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Cowley Peachey Junction to Watford

I did this walk on the 25th April 2011 which was the Easter Bank Holiday Monday. I took the tube to Paddington and then the train to West Drayton and 1hr 22 minutes after leaving home I was back at the Grand Union Canal.

Site of the new Tescos in Yiewsley
Cowley Peachey Junction
Grand Union Canal, Slough Arm
(1) Site of the new Tescos in Yiewsley
(2) Cowley Peachey Junction
(3) Grand Union Canal, Slough Arm

After walking just 0.4 of a mile I reached the point where the tow path had been closed when I last walked the canal a few weeks ago. Now, the building works had finished sufficiently to allow the path to re-open and I was able to walk past the new buildings, photo 1, for the further 0.3 of a mile up to Cowley Peachey Junction, photo 2, where I had finished my last walk along the main route of the Grand Union Canal before heading off down the Slough Arm, photo 3.

Mandarin Duck
House boats and Cowley Peachey
Cowley Lock
(4) Mandarin Duck
(5) House boats and Cowley Peachey
(6) Cowley Lock

Today however I continued on ahead, passing a large area of moorings alongside the Packet Boat Marina where there was an attractive Mandarin Duck on the canal, photo 4. As well as the canal boats there were also some larger house boats moored up alongside the canal, photo 5. The path heads up to Cowley Lock, which is lock number 89, photo 6, where the fried breakfasts on offer at the Toll House tea rooms looked and smelt very tempting however it was rather early to stop for a food break so I continued on. past the lock the tow path climbs up to the Iver Road by the Malt Shovel pub to cross over the canal and continue on down the opposite bank.

Uxbridge Boat centre
Mural under the A4020, Uxbridge
Approaching Uxbridge Lock
(7) Uxbridge Boat centre
(8) Mural under the A4020, Uxbridge
(9) Approaching Uxbridge Lock

The path then heads down besides the North Cowley Moorings, along a broad section of canal as it makes its way towards Uxbridge. The path heads under the Cowley Mill Road and a short distance further on the route of the London Loop once again rejoins the Grand Union Canal towpath from Culvert Lane on the left. On the right hand bank, just before the A4007 Slough Road, the route passes the Uxbridge Boat centre, photo 7, which looks a very active yard, dominated by a tall green crane. A little further the path heads under the A4020 Oxford Road close to the centre of Uxbridge where there was an attractive mural under the road bridge, photo 8. Once under the road the path heads by Denham Marina to Uxbridge Lock where the route crosses over a bridge, photo 9, to the opposite bank of the canal.

Denham Lock
Denham Railway Bridge
One of the many lakes in the Colne Valley
(10) Denham Lock
(11) Denham Railway Bridge
(12) One of the many lakes in the Colne Valley

Heading away from Uxbridge the canal starts to leave the built up western fringe of London to pass through a much less developed area although the peaceful scene somewhat spoilt by the ever growing drone from the nearby A40. A low concrete span carries the road across the canal and shortly after the A40, the tow path crosses bridge 183 over the canal, where it very briefly links up with the route of the South Bucks Way which ends nearby. The canal now runs alongside Denham Country Park with a number of flooded gravel pits just visible through the trees on the other side of the canal up to Denham Lock, photo 10, which has the distinction of being the deepest lock on the Grand Union Canal at 11 feet and 1 inch. There is also another popular tea hut besides the lock. From the Denham Lock the canal takes a fairly straight course as it continues through the Denham County Park, the canal passing under the tall brick Denham Railway Bridge, photo 11. It was yet another bright sunny April day with hardly any breeze and a joy to be out walking in. There were also now more lakes visible through the trees on the left of the path, photo 12.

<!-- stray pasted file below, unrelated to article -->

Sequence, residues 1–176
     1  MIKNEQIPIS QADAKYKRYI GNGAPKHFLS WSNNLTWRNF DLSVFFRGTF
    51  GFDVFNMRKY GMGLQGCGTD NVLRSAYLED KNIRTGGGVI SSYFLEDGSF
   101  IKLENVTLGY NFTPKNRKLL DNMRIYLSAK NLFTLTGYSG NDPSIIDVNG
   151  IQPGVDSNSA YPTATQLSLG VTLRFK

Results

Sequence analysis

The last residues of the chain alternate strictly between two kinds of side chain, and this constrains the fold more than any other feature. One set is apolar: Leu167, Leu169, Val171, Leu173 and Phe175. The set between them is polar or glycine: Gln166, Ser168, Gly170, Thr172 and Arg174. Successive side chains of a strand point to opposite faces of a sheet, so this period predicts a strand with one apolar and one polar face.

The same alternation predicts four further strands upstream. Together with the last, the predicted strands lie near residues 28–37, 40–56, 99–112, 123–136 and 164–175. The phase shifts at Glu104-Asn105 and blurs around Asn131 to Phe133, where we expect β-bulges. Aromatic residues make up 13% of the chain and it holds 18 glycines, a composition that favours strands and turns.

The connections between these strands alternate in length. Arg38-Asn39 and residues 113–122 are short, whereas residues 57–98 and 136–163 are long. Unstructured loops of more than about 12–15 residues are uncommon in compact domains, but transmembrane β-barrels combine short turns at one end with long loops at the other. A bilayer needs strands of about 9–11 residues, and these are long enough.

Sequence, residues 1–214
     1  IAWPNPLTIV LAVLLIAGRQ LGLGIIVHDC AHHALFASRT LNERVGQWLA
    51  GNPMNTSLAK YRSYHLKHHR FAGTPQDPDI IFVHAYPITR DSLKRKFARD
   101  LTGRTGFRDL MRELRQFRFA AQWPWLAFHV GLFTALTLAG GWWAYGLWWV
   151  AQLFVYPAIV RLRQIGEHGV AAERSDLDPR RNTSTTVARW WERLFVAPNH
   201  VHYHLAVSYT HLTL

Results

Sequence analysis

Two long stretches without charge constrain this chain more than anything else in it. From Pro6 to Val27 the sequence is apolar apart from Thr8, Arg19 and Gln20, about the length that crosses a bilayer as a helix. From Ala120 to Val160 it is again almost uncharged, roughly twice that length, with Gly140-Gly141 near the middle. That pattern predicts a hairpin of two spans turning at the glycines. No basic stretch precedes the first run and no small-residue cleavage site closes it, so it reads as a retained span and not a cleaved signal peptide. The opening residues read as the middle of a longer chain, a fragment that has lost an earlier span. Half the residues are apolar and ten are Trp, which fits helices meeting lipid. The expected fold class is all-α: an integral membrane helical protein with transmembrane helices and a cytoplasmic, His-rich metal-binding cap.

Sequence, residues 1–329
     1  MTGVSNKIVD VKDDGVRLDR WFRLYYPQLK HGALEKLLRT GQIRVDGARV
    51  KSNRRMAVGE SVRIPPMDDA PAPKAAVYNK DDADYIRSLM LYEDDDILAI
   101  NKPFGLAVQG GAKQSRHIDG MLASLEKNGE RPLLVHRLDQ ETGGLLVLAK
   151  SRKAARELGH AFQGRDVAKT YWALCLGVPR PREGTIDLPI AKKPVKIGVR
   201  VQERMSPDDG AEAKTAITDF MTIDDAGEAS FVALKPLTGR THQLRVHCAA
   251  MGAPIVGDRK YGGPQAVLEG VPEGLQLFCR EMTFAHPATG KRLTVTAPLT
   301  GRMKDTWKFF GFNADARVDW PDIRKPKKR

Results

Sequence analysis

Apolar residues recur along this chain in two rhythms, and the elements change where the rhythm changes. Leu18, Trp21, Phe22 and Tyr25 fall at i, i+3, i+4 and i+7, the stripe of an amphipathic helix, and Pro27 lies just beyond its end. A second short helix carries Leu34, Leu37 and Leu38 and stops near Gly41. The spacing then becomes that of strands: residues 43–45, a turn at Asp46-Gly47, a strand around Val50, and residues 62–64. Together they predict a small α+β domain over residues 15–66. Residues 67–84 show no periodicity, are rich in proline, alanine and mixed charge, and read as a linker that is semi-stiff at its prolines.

Entrance to the Harefield Marina
Widewater Lock
Meadow nr Harefield
(13) Entrance to the Harefield Marina
(14) Widewater Lock
(15) Meadow nr Harefield

On the right one of these lakes has been opened up to the canal to form the Harefield Marina which has 250 moorings, photo 13. The path then passes under the low bridge of Moorhall Road and almost immediately reaches lock 86, Widewater Lock, photo 14. Just under a mile further up the canal is running alongside the large Broadwater Lake on the left and on the opposite bank a grassy meadow sloped gently uphill towards Harefield, photo 15, one of the first noticeable hillsides that the canal has passed.

Black Jack's Lock
Copper Mill Lock
Springwell Lock
(16) Black Jack's Lock
(17) Copper Mill Lock
(18) Springwell Lock

Next up comes Black Jack's Lock, photo 16, and then Copper Mill Lock, photo 17, where the towpath crosses Copper Mill Lane and the London Loop leaves the Grand Union Canal for the final time. Between the two locks the path heads by a couple of weirs on the left while on the right bank the canal passes an area of houses. Just below the Copper Mill lock the remains of an old mill stream, and I assume a weir channel, had been converted to a small canoe slalom course where a couple of canoeists were manoeuvring themselves between the poles while two lads in a much larger boat just crashed around amongst them. The tow path then heads along a broad track running past houses before heading back out into the countryside and approximately a mile further on reaches Springwell Lock, photo 18, close besides Springwell Lake. I stopped on a bench besides the lock for a 10 minute break enjoying the warm sunshine. I had been making very good progress along the path and decided I would walk on to Kings Langley rather than Watford which had been my original destination for the day.